Object that struck plane over London ‘not a drone’

     LONDON, Investigators said that an object that hit a passenger plane as it approached London was probably not a drone after all.

Object that struck plane over London 'not a drone'
Investigators in Britain have found no proof that a British Airways passenger plane was hit by a drone. UPI/Molly Riley | License Photo

 

 

 

 

 

 

 

 

 

 

 

 

 

 

In fact, it may have been nothing more than a plastic bag.

The pilot of a British Airways flight from Geneva reported that the front of the Airbus A320 had been hit as it made its descent on April 17.

At the time, the plane, which was carrying 132 passengers and five crew, was flying at about 1,700 feet over the area of Richmond Park, in southwest London. It landed safely at Heathrow Airport and was examined by engineers before being cleared to take off on its next flight.

But now Britain’s Air Accidents Investigation Branch (AAIB) has closed the case because of a lack of evidence. Investigators searched a “wide area” but did not find anything.

A spokesman said: “We made initial inquiries but there was insufficient information on what object was involved for us to take it further.”

Robert Goodwill, the U.K. government’s transportation minister, said in a statement to the House of Lords: “There was no actual damage to the plane and there is indeed some speculation it may have been even a plastic bag or something.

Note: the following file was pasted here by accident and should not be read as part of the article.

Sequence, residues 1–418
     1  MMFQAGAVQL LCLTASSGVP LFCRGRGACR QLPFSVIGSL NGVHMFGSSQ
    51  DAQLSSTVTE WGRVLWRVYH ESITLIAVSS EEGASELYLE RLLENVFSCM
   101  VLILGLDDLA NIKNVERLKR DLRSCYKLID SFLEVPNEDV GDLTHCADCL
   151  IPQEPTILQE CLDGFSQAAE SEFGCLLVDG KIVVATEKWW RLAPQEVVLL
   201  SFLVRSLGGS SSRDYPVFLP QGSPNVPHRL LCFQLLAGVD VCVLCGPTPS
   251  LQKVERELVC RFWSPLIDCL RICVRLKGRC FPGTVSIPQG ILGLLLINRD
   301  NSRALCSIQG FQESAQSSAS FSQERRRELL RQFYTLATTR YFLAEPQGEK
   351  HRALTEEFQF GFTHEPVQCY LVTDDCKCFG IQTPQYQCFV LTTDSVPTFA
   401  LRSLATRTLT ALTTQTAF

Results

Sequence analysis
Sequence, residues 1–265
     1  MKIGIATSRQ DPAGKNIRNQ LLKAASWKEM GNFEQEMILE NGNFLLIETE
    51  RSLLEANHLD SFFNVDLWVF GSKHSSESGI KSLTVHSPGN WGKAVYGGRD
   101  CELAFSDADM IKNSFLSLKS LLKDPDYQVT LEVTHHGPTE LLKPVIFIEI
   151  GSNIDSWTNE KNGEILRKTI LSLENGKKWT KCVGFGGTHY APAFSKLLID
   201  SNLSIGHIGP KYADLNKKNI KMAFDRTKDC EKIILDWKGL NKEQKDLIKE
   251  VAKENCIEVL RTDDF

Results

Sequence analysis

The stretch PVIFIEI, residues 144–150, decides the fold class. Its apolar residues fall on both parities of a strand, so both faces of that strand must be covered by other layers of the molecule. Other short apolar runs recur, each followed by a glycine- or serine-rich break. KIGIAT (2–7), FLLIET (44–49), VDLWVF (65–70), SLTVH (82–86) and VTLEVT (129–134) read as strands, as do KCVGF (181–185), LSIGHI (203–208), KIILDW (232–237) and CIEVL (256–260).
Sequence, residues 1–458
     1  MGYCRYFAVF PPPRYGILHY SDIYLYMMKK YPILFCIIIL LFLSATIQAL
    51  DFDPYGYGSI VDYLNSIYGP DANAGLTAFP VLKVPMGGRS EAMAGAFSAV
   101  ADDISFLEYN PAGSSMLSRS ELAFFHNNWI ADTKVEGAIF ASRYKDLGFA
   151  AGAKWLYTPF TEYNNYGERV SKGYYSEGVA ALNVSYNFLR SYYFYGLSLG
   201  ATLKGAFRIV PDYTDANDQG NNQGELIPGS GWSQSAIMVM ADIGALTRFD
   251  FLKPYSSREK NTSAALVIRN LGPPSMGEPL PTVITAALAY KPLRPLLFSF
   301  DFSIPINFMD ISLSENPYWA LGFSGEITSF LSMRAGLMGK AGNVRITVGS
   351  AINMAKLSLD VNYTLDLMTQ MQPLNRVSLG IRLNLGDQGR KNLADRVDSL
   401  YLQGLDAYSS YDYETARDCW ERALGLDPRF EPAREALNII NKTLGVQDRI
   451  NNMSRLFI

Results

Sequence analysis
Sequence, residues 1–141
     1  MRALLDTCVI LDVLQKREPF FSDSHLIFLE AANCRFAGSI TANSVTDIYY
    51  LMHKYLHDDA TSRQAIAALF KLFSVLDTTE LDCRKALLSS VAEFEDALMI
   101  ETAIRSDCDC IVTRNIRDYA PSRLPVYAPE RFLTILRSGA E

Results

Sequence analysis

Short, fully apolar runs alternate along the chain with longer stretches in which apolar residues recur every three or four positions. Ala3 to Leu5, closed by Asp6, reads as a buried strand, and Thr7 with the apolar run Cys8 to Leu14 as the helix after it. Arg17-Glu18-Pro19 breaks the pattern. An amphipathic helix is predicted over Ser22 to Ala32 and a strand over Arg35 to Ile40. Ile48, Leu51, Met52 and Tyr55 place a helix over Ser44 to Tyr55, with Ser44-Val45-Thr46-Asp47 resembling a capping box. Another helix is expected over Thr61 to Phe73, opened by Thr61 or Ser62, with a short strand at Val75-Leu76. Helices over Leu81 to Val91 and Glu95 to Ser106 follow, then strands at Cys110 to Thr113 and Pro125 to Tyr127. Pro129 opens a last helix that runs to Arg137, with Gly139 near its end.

“The pilot has a lot of other things to concentrate on (when landing) so we’re not quite sure what they saw.”

There have been an increasing number of reports of near-misses involving drones and aircraft in British airspace in the last year. A report released by the U.K. Airprox Board (UKAB) in March found 23 cases in the six months between April and October last year.

The Civil Aviation Authority says that drones should be kept away from planes, airfields and airports, and not flown above 400 feet. Drones fitted with cameras are also banned from flying within 164 feet of people, vehicles or buildings, over concerts, sports events and areas of high population.

British government officials are looking into introducing a drone registration scheme, similar to the one already in place in the United States.

By Martin Smith

UPI NEWS